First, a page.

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By Kate Shatzkin and Kate Shatzkin,Sun Staff Writer | February 9, 1995
The judge in the case of a mother jailed for refusing to divulge her son's whereabouts has reopened media access to hearings -- but has barred The Sun because of what he called "its deliberate editorial decision" to violate a court order.The dispute centers on the newspaper's Jan. 26 publication of a computer-enhanced likeness of the missing son of Jacqueline Louise Bouknight, who has been jailed for nearly seven years. The picture was released by the Baltimore Police Department, which is using the likeness to try to find the boy, Maurice.
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NEWS
By ANN LOLORDO | February 28, 2004
BEFORE DAVID Carr, there was Ciara Jobes. Before Ciara Jobes, there was Shamir Hudson. Before Shamir Hudson, there was Rita Fisher. Before Rita Fisher, there was Maurice Miles. The deaths of 2-month-old David, 15-year-old Ciara, 8-year-old Shamir and 9-year-old Rita made headlines because they were beaten and tortured by their parents or guardians. Their deaths were all the more tragic because a public agency knew that they might be at risk. Tormented by those expected to care for and love them, these children were instead betrayed by them.
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NEWS
By KATE SHATZKIN | February 12, 1995
"The petitioner . . . carries the key of his prison in his own pocket. He can come out, when he will, by making terms with the court that sent him there. But if he chooses to struggle for a triumph, if nothing will content him but a clean victory or a clean defeat, he cannot expect us to aid him. Our duties are of a widely different kind. They consist in discouraging, as much as in us lies, all such contests with the legal authorities of the country."So a judge once wrote to justify keeping a man named Passmore Williamson in jail indefinitely, for disobeying an order of the court.
NEWS
By Kate Shatzkin and Kate Shatzkin,SUN STAFF | November 14, 1995
The Maryland Court of Appeals ruled yesterday that a Baltimore judge did not have the right to dictate what the media published from sources outside the courtroom as a condition of access to a juvenile court hearing.The case came before the state's highest court after a petition by The Sun, which in the past year has both won and been denied access to hearings in the case of a missing Baltimore boy and his mother, Jacqueline L. Bouknight.Ms. Bouknight was released Oct. 31 after 7 1/2 years in jail for failing to disclose the boy's whereabouts.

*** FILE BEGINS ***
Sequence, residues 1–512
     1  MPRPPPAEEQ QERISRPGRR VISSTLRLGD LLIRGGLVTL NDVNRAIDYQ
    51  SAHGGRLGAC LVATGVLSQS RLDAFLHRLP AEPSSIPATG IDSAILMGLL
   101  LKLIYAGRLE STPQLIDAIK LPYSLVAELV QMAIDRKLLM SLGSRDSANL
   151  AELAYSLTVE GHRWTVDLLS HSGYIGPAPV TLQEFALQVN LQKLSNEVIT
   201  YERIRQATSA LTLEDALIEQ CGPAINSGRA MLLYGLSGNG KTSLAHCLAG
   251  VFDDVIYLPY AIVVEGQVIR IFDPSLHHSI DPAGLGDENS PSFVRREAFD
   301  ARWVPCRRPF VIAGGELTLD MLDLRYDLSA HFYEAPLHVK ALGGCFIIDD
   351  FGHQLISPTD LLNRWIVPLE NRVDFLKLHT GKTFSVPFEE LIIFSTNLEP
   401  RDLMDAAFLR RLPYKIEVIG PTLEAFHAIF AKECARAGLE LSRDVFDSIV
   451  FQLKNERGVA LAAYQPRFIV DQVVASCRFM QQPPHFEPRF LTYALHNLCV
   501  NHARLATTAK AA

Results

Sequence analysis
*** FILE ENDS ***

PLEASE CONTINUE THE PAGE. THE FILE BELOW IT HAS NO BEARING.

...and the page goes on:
NEWS
By Kate Shatzkin and Kate Shatzkin,Sun Staff Writer | January 27, 1995
A Baltimore judge halted media access to hearings in the Jacqueline L. Bouknight case yesterday, saying that the confidentiality of the juvenile court had been compromised by the publication of a computer-enhanced likeness of Ms. Bouknight's missing son.Judge David B. Mitchell also said The Sun had violated a court order granting it access by publishing a last name for the boy, Maurice, in a caption to the image.The caption published in the Thursday editions of The Sun misidentified the boy as "Maurice Bouknight."
NEWS
By Kate Shatzkin and Kate Shatzkin,SUN STAFF | November 2, 1995
On her first full day of freedom, Jacqueline L. Bouknight said yesterday that she did not spend 7 1/2 years in jail for civil contempt in vain if it meant her son, Maurice, was in a home "where he don't have to be harassed and stuff, like I was."Being incarcerated was "just something I just had to do," Ms. Bouknight said during a brief news conference at the office of her lawyer, M. Cristina Gutierrez. "It was what I believed in. It was right."Judge David B. Mitchell ordered Ms. Bouknight, 29, released from the Baltimore City Detention Center on Tuesday, 2,741 days after she went to jail on a civil contempt order for refusing to produce Maurice.
NEWS
By Kate Shatzkin and Kate Shatzkin,SUN STAFF | October 25, 1995
Jacqueline L. Bouknight, jailed for more than seven years for refusing to divulge the whereabouts of her young son, stands poised to be released next week, due reportedly to a change of heart by state officials who have argued until now that she should remain behind bars.Deputy Attorney General Ralph S. Tyler III, who represents the Baltimore City Department of Social Services in the case, announced his intention to seek Ms. Bouknight's release during a meeting with attorneys in the case yesterday, according to several of the attorneys present.